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Password Expiry

Posted on 2016-11-28
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Last Modified: 2016-11-29
Hi All,

We are having a slight issue with the password expiry policy.

We have set a fine grained password via the active directory administrative center. I have tested this policy on domain admins with 2 day password expiry and can confirm that within 2 days we were asked to reset our passwords. However, the primary policy is set to expire within the maximum number of days allowed which is almost 3000 years, but for some reason the users are still prompted to reset their password now and then.

I have noticed that for example on my test fine grained password expiry i run a powershell script and it shows me that the password expires in 2 days from the day it was reset or the checkbox for password never expire was unticked.

However, if i run net user %username% /domain in the CMD window, it shows me that the password expires in exactly 45 days. It is the same message for all users. The problem here is that we do not have any password policies in the GPO manager and are not sure where this 45 days is coming from.

I have also noticed that the primary grained password policy is setup to the maximum number of days allowed, therefore when the PS script is run, it does not display the expiry date so i have changed to 500 years instead and it now displays on the PS that passwords will expire in 2516 and hope that users are no longer prompted for password resets, but we are still not sure where does the 45 days on the command prompt comes from?

Any advice would be much appreciated.
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Question by:e-itregister
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by:Marcos Santo
ID: 41903992
have you tried it on Never expires? does it still show the notification of 45 days?
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by:Kevin Stanush
ID: 41904164
I don't think the 'Net User' command understands fine grained password policies.  Its looking at just the default domain policy, at best, and doing a simple calculation on that.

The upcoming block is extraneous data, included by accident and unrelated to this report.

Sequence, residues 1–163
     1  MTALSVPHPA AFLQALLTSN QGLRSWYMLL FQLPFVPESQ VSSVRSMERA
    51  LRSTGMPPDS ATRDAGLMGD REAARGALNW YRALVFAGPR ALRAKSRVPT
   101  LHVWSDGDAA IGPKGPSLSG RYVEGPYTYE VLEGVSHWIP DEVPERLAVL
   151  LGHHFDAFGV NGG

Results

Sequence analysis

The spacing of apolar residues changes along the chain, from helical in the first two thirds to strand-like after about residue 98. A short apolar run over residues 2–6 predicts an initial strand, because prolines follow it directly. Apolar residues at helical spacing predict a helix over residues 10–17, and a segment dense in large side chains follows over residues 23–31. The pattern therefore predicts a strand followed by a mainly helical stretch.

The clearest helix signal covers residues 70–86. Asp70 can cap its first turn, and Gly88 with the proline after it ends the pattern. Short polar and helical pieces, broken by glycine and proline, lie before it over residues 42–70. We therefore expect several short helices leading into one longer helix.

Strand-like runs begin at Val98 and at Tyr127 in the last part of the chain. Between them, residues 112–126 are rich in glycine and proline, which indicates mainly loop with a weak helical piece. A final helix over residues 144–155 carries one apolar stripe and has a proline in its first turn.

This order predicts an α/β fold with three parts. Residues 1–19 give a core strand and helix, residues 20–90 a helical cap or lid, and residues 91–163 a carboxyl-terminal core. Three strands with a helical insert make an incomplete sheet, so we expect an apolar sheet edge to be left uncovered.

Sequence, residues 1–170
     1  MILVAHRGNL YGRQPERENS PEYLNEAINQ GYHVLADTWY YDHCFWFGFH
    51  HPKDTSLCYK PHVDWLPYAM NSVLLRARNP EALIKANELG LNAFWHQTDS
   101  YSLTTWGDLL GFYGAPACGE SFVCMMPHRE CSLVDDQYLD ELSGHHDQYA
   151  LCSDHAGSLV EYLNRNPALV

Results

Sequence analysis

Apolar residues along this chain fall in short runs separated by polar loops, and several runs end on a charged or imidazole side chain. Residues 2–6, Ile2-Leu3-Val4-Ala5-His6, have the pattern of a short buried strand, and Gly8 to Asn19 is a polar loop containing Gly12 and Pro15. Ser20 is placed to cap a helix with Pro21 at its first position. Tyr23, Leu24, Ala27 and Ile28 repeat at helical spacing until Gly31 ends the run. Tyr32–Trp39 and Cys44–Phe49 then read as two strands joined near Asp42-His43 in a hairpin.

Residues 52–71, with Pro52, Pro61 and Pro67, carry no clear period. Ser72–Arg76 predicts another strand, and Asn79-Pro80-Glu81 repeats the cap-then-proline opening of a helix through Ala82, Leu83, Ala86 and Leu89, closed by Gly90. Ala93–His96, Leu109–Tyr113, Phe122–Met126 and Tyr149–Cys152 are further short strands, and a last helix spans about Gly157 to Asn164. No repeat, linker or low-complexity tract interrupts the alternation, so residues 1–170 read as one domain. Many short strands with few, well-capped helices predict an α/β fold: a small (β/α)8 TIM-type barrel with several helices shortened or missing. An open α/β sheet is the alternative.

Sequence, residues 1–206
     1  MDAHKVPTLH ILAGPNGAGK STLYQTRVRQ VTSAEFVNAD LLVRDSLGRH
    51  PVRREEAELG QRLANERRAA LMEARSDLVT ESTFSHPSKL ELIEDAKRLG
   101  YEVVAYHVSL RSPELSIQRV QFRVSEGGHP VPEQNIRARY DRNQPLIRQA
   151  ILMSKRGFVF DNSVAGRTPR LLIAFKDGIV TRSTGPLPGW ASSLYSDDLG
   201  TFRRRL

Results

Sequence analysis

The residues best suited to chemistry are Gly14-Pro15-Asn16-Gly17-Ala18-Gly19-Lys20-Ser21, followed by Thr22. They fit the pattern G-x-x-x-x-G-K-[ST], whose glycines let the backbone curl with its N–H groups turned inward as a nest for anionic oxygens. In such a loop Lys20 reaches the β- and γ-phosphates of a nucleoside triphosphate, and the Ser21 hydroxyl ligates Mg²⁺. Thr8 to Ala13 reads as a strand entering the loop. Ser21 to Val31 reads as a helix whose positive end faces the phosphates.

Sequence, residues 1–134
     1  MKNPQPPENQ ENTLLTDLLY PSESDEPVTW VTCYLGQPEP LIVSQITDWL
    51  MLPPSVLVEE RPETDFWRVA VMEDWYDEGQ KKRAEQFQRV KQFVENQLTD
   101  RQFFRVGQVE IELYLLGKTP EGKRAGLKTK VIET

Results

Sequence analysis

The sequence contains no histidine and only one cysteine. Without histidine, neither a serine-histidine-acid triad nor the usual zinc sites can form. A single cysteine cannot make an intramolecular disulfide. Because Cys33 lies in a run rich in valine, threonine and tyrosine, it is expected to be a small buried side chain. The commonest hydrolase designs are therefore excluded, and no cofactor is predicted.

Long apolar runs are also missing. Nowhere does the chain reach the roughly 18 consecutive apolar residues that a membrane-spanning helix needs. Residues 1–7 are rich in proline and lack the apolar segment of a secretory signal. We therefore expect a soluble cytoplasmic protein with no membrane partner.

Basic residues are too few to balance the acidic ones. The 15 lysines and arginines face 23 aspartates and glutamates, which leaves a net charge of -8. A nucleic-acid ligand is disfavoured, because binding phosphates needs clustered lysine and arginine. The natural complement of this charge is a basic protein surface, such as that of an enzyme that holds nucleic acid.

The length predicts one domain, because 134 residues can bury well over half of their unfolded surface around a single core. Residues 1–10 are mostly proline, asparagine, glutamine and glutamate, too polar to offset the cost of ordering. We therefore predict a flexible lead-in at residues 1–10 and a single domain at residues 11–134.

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by:McKnife
ID: 41904175
If no pw policy is set in the default domain policy, it could also be active in the DC's local policy. So open secpol.msc at each DC and check there.
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Author Comment

by:e-itregister
ID: 41904439
Hi guys,

thank you for your responses.

@ McKnife - you were right. After going to the local security policy i have found that both dc's were set to max days 45.

Now the problem is, net user %username% shows the 45 days while the powershell script for the entire OU shows year 2516. I have only changed it to 500 days today so that when the powershell is run it actually displays an expiry date as when using the maximum allowed it does not display an expiry date as it is like 2900 years from now.

Even though the fine grained was set to max, users were still being prompted to reset password and i think it may have been because when it is set to the max allowed days it wasnt displaying a date and perhaps the system wasnt sure when it expires and was using the local 45 days instead.

I have tested using a second fine grained policy to expire after 2 days and can confirm it worked, but the cmd command was showing the 45 days and i am just worried that it may ask again in 45 days to reset the password again.
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McKnife earned 500 total points
ID: 41904465
In secpol.msc, disable all password settings in there.
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Author Comment

by:e-itregister
ID: 41904499
Hi McKnife,

Thank you, i appreciate it.

However, wouldnt the secpol (local security policy) for the password only apply to Local accounts instead of domain accounts?
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Assisted Solution

by:McKnife
McKnife earned 500 total points
ID: 41904607
Since it is a domain controller you are doing this on, there are no local accounts, only domain accounts on it, so it does apply to those domain accounts.
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Author Comment

by:e-itregister
ID: 41905534
Thank you McKnife,

have disabled the local dc password policy and now the net user %username% /domain displays as Never to expire and the PS script shows that it will expire in 2 days for the test grain policy. Will check that it does take precedence and that it does asks for password to be renewed.

I appreciate your help.
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by:McKnife
ID: 41905541
You are welcome.
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